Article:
Tashme Japanese-Canadian Internment Camp - Sunshine Valley, BC
Posted by: Groundspeak Premium Member ScroogieII
N 49° 16.304 W 121° 14.094
10U E 628397 N 5459162
Quick Description: Upon entering the Sunshine Valley community from Highway 3, one spies a BC Stop of Interest marker. Further along, one will encounter a more comprehensive marker at the Tashme Museum.
Location: British Columbia, Canada
Date Posted: 9/21/2020 1:12:11 PM
Waymark Code: WM135MP
Published By: Groundspeak Premium Member Tante.Hossi
Views: 4

Long Description:
The marker relates much of the story of what the country of Canada, like its neighbour to the south, had done to many of its citizens of Japanese ancestry during World War II.

The Canadian government considered Japanese Canadian citizens to be a potential threat to the security of the country, in particular those living along the Pacific coast, the most likely scene of a Japanese invasion of North America, should one occur. As a result, tens of thousands of Japanese Canadians were interred in detention centers in inland areas, usually in remote areas on government owned land. Tashme was the largest of the camps to be created in British Columbia. These fears proved totally unfounded, as Canadian citizens of Japanese ancestry, on the whole, proved patriotic to their new homeland, with many serving meritoriously in the armed forces through the war.
December 1 - Report that construction of nearly all of 347 housing units completed. Population of Tashme: 2636. Water supplied by tap for every 3 or 4 houses. Bath houses under construction, 1 bath house for every 50 housing units. Electricity supplied to apartment, stores and other essential buildings but housing units use kerosene lamps. Construction of modern 50 bed hospital nearly complete. Tashme was the last internment camp to be finished and the largest.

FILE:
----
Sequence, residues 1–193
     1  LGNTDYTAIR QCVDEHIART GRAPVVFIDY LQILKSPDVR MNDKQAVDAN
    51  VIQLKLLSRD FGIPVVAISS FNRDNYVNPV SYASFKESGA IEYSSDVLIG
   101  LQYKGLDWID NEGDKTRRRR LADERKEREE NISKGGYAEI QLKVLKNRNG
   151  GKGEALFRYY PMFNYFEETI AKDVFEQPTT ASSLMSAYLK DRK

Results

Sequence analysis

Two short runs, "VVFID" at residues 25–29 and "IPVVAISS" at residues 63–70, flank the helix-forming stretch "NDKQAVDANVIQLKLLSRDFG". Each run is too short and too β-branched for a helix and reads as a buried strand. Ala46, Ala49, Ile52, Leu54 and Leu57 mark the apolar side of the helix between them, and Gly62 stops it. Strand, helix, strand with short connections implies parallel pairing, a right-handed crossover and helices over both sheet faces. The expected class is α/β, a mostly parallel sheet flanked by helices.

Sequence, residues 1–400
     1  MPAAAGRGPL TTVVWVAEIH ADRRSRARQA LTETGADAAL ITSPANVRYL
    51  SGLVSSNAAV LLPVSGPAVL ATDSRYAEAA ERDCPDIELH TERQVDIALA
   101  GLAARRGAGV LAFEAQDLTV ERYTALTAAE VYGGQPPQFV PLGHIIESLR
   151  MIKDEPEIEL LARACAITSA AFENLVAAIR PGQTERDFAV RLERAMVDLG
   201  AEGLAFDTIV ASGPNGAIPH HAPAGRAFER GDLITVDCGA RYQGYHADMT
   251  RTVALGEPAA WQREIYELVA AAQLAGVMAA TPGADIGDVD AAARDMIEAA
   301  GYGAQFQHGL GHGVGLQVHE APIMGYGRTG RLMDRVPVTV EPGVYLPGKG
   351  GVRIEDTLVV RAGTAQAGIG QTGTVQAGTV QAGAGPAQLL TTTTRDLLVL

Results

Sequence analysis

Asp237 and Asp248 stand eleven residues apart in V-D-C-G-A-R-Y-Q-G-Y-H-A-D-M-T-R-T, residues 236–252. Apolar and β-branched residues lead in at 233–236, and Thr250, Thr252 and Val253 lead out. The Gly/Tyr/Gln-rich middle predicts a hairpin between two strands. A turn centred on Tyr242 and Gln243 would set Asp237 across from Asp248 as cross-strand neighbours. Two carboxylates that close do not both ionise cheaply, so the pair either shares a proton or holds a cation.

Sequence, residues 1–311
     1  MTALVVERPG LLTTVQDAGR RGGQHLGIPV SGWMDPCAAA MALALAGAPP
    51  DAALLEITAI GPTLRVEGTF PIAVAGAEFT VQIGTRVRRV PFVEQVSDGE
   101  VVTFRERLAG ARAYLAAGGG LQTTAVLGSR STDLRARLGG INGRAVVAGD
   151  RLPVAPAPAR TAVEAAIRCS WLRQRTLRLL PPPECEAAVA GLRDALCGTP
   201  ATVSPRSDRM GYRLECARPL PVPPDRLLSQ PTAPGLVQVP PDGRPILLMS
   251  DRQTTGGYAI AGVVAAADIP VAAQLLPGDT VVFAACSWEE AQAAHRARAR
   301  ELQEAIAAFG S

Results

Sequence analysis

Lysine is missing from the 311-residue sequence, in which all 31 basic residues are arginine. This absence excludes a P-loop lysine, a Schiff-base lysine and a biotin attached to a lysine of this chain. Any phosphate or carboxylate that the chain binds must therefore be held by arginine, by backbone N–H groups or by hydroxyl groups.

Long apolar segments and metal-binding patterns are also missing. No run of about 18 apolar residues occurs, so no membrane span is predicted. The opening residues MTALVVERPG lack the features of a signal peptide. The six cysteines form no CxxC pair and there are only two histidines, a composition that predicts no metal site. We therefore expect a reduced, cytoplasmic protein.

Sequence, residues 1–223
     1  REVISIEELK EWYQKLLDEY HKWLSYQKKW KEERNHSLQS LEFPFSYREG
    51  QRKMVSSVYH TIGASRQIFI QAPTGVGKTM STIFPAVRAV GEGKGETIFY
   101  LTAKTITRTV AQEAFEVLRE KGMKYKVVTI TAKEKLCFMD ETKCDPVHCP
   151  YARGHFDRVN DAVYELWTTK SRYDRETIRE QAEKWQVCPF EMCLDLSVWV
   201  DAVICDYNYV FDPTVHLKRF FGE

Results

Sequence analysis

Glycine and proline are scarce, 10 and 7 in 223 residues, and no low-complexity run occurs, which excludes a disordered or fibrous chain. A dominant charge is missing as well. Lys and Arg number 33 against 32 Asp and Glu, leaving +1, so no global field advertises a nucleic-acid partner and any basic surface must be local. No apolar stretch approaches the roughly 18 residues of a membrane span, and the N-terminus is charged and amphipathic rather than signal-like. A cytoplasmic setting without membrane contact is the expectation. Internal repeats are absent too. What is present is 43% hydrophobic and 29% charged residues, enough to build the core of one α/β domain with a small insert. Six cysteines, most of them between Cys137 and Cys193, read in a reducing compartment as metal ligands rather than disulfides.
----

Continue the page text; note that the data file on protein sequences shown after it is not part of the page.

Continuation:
From the Tashme Historical Project
Canada's largest Japanese-Canadian internment camp remembered at museum
Headline from a Vancouver Sun Article
Following is the story of Tashme, taken from the informational kiosk at the Tashme Museum.
Why were British Columbians of Japanese Descent Interned?
During World War II, Sunshine Valley was the location of an internment camp for over 2,600 British Columbians of Japanese descent. Tashme was the largest of the eight internment camps established in B.C. after the Declaration of War with Japan in 1942.

As a result of the War Measures Act, the B.C. Security Commission (BCSC) forcibly removed over 22,000 persons of "the Japanese race" living within the 160 km (100-mile) "Protected Area" of the Pacific coast of B.C. and sent them to internment camps in the Interior of the province.